Writer and broadcaster, Siún Ní Dhuinn writes about learning Irish and becoming part of a community which has allowed her to express herself as she sees fit.

Most of my life, I've found myself explaining myself. My name causes the first frisson of tension, especially when I meet a stranger who has never come across the name Siún. I explain that yes, it is indeed my first name, and it is variant of Siobhán and no, I won't be translating it into English for them. Why? Because my name is who I am, part of me and my identity as a person who was brought up in Dundalk, in an English- speaking household, who went on to live their life bilingually.

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Neither of my parents are fluent speakers but both have a positive attitude towards languages; my mother was a French and English teacher. Being exposed to another language from a young age is a very normal thing around the world but I have found there is still some deeply ingrained hesitancy in Ireland around language immersion. I attended a Gaelscoil in Dundalk which was run out of prefabs in the yard of another school until I was in 5th class. I will never forget feeling what heat in a classroom was like for the first time. That school, despite the cold, brought out the best in many of its students and put me on course to speaking a language that would enrich my life.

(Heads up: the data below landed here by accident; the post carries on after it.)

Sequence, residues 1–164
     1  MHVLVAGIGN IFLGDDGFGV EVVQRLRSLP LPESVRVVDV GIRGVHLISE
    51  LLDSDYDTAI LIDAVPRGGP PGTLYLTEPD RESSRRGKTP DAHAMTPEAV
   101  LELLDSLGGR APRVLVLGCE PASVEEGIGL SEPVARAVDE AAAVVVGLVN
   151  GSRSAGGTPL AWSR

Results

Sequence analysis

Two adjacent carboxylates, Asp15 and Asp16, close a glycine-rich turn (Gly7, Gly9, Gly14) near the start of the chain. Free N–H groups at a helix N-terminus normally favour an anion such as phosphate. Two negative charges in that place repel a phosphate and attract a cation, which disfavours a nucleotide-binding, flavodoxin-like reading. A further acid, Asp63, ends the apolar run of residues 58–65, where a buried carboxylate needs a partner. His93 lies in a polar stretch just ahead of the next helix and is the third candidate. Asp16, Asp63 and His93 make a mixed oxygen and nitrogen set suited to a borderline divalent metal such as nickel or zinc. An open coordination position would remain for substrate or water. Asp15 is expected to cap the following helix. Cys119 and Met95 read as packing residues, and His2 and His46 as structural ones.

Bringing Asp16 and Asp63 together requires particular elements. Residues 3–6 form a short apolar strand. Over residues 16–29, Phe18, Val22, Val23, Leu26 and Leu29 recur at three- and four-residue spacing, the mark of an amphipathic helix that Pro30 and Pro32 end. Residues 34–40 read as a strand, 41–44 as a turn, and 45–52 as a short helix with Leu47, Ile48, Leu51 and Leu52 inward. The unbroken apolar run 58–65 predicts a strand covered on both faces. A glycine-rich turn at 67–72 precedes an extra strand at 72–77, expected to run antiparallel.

I did my Leaving Cert through Irish, in an Irish immersion stream of an English school. After leaving school relatively unscathed, I went on to study English and Irish as part of my Arts Degree in UCD. I did a postgraduate course in Irish language journalism and took the scenic route before taking on my current role as Digital Coordinator for Irish language content in RTÉ.

I have had countless opportunities I don't believe would've been afforded to me without my Irish. I have written for many publications, contributed to debates, television shows and radio programmes. I have travelled to many places to talk, teach or take part in events. All of these opportunities have been wonderful, but nothing compares to being part of a community in which creativity and self-expression are at its core.

The podcast I cohost with two of my best friends and two talented broadcasters, Áine Ní Bhreisleáin and Sinéad Ní Uallacháin has become many learners and native speakers go-to podcast for good conversation and great craic. I enjoy explaining that one to people.

Here are some things I've learned along the way.

1. I will never be as fluent, as perfect an Irish speaker as a native speaker and that is okay, I like learning.

2. Most people who speak Irish (like most people in life) are helpful and encouraging, but you will get the odd amadán who doesn't appreciate you taking up space. Ignore.

3. If you're to succeed, you need to put the work in, just like everything else, and as Kim K says, you gotta get up off your tóin and work for it (it's worth it, believe me)

Siún is part of Creidim Ionat, an innovative and collaborative online initiative aimed at nurturing widespread awareness and everyday use of Irish. Find out more here